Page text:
New Dravet syndrome seizures present a parenting dilemma

A columnist wonders if she should let her 8-year-old try cheerleading

Meagan Earley avatar

by Meagan Earley |

Share this article:

Share article via email
Main graphic for column titled

As a kid, I didn’t play team sports, but I did a lot of cheerleading and gymnastics. I loved dancing around, tumbling, and challenging my body to do things it typically wasn’t meant to do.

Now as a mom, I love sharing this passion with my two oldest children. I’ve taught them how to flip, twist, and turn since they were teeny-tiny. But when it comes to my 8-year-old daughter, Austen, who has Dravet syndrome, I’ve avoided all of that, as well as many other things. What if she has a seizure amid a flip?

The only sport I’ve OK’d is soccer. The balls are a lot softer and aren’t necessarily being thrown at her as in baseball, for example. Austen has had some amazing coaches who’ve helped her build endurance while letting her rest as needed. It was the perfect sport for her, and I thought we’d stick with it.

I’ve never had to say no to a sport before because I encouraged Austen to play soccer. She accepted that and never questioned it — until now. She recently came home from school with a flyer for cheerleading. She was so excited to show it to me and her stepdad, Dakota. Yet while she beamed from ear to ear, my heart was pounding in my throat.

Recommended Reading
An illustration depicts several pill bottles and various scattered medications.

Fintepla more potent than others in taming Dravet seizures: Study

Making the tough calls

I know peewee cheerleading isn’t the same as competitive cheerleading, and the stunts, if there are any, are performed a lot lower to the ground. And the most tumbling anyone would do is probably a cartwheel. But I also know that Austen will want to try anything the other girls are doing, which is a safety concern.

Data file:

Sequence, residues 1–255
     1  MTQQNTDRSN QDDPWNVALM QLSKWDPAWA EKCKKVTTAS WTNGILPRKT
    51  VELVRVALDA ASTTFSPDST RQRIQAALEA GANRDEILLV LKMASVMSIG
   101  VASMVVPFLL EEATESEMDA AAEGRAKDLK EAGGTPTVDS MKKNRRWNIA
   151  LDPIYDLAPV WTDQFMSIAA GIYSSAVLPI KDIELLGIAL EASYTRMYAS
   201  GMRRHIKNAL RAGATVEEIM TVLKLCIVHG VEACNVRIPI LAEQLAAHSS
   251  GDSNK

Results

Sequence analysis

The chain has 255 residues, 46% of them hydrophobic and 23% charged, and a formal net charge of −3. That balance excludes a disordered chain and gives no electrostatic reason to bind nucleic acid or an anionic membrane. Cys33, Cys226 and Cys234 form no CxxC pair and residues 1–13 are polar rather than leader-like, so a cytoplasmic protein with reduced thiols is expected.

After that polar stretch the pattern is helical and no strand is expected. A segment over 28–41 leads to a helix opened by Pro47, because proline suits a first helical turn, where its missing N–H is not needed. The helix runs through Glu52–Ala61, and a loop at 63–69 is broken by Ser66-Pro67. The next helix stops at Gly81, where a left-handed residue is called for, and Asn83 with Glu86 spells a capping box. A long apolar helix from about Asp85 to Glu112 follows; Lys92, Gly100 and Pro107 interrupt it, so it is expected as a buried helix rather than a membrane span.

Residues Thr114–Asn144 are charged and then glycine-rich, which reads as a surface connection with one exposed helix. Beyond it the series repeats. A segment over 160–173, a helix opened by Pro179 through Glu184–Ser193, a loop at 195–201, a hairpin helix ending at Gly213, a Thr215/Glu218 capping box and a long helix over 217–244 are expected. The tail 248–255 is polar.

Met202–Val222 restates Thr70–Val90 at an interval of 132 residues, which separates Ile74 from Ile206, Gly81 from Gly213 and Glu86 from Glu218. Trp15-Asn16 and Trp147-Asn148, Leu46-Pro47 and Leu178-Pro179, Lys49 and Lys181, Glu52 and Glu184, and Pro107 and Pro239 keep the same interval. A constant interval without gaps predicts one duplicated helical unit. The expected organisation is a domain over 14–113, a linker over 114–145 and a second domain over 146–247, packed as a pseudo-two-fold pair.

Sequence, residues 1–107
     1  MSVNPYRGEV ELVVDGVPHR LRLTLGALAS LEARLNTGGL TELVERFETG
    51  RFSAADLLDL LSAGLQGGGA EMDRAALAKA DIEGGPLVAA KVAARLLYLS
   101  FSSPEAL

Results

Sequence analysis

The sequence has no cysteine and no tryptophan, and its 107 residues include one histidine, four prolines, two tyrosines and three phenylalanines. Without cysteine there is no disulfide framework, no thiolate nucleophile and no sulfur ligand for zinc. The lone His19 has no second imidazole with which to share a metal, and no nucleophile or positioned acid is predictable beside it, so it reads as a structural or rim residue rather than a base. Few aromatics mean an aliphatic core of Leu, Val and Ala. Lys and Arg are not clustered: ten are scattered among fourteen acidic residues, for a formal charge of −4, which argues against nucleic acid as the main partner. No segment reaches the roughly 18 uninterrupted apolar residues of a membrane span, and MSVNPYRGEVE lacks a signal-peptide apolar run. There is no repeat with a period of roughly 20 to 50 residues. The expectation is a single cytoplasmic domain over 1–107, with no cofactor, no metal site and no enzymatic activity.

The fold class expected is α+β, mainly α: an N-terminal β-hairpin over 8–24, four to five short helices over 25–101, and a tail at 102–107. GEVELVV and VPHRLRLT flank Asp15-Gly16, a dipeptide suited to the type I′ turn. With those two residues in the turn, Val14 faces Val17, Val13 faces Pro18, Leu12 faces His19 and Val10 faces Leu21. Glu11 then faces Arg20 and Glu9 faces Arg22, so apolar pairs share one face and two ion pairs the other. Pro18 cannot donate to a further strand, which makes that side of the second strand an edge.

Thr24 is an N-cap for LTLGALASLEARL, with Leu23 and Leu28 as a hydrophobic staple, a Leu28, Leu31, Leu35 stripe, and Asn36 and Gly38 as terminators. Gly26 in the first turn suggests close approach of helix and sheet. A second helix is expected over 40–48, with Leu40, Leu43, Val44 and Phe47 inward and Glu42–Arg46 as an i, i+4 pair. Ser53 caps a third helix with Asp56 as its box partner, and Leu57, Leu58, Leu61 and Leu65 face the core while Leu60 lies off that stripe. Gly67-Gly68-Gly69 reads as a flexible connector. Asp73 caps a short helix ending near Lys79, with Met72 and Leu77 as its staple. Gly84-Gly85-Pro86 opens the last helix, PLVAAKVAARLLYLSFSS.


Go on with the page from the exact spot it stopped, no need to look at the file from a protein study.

A few weeks ago, I probably would’ve felt differently about her trying a new sport. Her seizure control had been so good, but she’s had two seizures recently that put my nerves on edge in a way they hadn’t been in a while. I now find myself pondering dangers and “what-ifs” at every turn.

Over the past four years, I’d embraced the idea that, with her seizures seemingly under control, Austen had “normalized.” It’s something I once only dreamed of. But now that dream is over.

Before we started treating Austen with Fintepla (fenfluramine), her seizures were so bad that I couldn’t even imagine a life with only one seizure per month. Now I’m devastated that it might become our normal again.

We haven’t decided yet whether we’ll let Austen participate in cheerleading. I’m weighing all of the options and hoping that whatever decision we make will be the best one. Cheerleading or not, our choices will always be about what’s best for Austen, despite my fears and worries.

Note: Dravet Syndrome News is strictly a news and information website about the disease. It does not provide medical advice, diagnosis, or treatment. This content is not intended to be a substitute for professional medical advice, diagnosis, or treatment. Always seek the advice of your physician or other qualified health provider with any questions you may have regarding a medical condition. Never disregard professional medical advice or delay in seeking it because of something you have read on this website. The opinions expressed in this column are not those of Dravet Syndrome News or its parent company, Bionews, and are intended to spark discussion about issues pertaining to Dravet syndrome.


Leave a comment

Fill in the required fields to post. Your email address will not be published.